Dynamics of an Underpowered Helium-Neon Laser. B. Wyker, University of Missouri; J. Noé, Laser Teaching Center, Department of Physics and Astronomy, Stony Brook University.

The operating behavior of an underpowered helium-neon (HeNe) laser was studied to determine whether there may or may not exist a chaotic aspect to the phenomena. Chaotic behavior in lasers has been noted in numerous systems such as those with modulated or conjugated feedback and in lasers with nonlinear open cavity resonators. The study was motivated by concepts outlined by researchers at Moravian College [1] regarding the observation of seemingly aperiodic behavior in underpowered gas lasers. A HeNe laser usually operates in a continuous manner, but when the voltage and current supplied to the gas-discharge tube is limited the continuous operation ceases. For certain values of current and voltage the laser goes into a flickering state. Observed pulsewidths ranged from around a quarter to a half of a millisecond while the pulse spacing ranged from around ten to twenty milliseconds. An apparatus was developed to collect data that could be used in a time series analysis to determine whether there indeed exists chaotic behavior. The relevant data was the time at which each of the pulses took place. This allowed for the comparison of the duration between pulses corresponding to each pulse. This data was taken through the use of a PC parallel port that monitored a function generator which was triggered by a photodetector. A HeNe laser, which was controlled by a variable DC power supply, was observed by the photodetector. Programs written in C++ were used to monitor the parallel port status and collect and manipulate the data into a set of times between pulses. It was intended that our observations would be compared with those of researcher's at Moravian College. Currently there are obstacles in completing the analysis due to problems in triggering the pulse generator and developing a program that regulates the length of time between the iterates which query the status of the parallel port. Further studies should take the Fourier transform of the pulse spacing values in order to find a primary frequency to be used in the production of a Poincaré section. This may then be utilized to determine whether there exists an attractor of extended structure, which would be necessary for there to be chaos. This study was supported by NSF Grant No. Phy 99-12312.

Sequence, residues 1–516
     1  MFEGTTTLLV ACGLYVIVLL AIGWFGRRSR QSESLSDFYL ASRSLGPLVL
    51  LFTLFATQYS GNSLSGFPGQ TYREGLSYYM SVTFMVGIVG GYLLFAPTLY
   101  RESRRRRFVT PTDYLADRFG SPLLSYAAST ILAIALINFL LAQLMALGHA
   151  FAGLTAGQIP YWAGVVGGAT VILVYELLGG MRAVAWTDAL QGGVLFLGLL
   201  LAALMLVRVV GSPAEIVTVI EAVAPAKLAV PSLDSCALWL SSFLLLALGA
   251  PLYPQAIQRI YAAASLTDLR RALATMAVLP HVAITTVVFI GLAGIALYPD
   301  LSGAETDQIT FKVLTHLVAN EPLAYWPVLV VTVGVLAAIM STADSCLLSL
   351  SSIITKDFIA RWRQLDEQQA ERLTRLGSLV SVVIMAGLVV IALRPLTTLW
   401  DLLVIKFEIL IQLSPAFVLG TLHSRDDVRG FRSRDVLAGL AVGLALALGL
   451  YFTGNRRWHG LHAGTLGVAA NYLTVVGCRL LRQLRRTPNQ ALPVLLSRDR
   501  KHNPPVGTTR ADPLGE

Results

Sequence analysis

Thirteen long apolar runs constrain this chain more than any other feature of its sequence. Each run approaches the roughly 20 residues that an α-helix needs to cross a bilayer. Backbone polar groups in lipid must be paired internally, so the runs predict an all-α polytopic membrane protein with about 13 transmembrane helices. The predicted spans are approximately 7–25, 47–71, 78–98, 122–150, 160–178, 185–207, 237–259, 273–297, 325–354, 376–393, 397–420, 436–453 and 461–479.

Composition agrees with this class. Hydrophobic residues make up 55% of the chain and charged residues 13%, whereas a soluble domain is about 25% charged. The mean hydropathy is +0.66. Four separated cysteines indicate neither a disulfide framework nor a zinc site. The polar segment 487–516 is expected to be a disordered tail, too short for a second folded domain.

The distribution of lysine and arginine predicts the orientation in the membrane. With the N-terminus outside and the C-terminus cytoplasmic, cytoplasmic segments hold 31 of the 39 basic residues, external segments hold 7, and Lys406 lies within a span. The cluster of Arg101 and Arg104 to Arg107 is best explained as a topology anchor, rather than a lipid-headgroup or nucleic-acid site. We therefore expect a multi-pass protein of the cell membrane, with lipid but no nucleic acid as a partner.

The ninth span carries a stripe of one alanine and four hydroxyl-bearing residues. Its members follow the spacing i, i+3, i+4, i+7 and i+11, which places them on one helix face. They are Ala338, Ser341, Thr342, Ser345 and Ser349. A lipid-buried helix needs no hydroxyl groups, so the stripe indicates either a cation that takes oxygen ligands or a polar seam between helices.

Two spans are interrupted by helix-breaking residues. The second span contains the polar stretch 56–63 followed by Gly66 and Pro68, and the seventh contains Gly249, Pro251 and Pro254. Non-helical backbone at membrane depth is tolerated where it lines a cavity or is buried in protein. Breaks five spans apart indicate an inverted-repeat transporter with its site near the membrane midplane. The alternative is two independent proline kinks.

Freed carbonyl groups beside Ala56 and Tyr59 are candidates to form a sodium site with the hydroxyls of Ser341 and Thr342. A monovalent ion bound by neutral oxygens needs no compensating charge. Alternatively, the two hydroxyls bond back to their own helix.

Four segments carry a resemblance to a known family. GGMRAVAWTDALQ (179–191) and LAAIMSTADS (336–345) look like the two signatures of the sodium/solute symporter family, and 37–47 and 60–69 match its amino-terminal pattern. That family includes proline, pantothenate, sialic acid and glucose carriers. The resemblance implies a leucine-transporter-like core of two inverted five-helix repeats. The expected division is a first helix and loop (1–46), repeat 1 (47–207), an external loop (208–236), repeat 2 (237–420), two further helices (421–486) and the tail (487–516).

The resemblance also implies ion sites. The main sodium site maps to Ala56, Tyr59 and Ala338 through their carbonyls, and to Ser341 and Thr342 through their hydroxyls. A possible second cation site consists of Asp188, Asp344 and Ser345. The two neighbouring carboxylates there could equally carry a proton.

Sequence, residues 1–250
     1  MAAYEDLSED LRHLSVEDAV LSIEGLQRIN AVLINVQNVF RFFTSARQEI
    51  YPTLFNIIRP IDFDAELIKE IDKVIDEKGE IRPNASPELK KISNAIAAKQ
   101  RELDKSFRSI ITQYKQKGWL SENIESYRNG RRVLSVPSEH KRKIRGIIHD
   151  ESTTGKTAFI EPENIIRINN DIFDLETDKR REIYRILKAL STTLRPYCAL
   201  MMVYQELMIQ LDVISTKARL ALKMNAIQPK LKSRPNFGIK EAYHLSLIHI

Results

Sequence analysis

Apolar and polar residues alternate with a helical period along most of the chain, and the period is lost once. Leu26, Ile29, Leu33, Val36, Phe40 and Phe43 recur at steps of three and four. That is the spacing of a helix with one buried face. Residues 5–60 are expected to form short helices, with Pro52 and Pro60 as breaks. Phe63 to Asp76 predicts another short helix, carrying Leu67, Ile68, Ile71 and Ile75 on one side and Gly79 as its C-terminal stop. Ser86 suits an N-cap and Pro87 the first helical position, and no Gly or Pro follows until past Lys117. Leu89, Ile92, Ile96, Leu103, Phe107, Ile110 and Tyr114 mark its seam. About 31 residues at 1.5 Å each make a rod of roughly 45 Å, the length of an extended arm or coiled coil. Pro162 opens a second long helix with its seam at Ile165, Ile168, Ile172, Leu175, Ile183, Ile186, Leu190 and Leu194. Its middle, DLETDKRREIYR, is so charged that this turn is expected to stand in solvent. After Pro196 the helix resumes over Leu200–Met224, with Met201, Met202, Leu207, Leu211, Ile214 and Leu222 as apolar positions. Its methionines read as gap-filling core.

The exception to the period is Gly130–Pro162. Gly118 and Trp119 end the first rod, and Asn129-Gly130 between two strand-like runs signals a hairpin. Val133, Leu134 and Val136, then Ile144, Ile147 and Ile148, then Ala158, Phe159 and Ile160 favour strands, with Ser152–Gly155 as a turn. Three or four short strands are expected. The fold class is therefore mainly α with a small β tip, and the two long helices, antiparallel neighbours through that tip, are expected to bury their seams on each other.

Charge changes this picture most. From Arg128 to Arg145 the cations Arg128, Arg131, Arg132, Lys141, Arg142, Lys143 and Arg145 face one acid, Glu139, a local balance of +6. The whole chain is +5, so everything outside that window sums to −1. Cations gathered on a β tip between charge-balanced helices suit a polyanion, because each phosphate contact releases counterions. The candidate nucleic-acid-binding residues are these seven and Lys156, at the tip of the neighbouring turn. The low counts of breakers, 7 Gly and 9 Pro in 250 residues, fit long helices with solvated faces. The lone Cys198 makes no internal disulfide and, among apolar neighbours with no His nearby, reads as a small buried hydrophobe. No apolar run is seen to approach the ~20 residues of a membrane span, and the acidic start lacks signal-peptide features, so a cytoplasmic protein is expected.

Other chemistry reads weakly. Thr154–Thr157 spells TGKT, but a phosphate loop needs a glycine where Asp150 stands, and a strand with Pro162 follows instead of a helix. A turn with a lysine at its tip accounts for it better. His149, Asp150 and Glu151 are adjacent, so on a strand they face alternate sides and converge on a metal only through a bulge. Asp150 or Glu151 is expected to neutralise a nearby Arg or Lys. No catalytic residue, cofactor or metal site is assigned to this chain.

[1]  See http://home.moravian.edu/public/phys/research/research.html (bottom of page)

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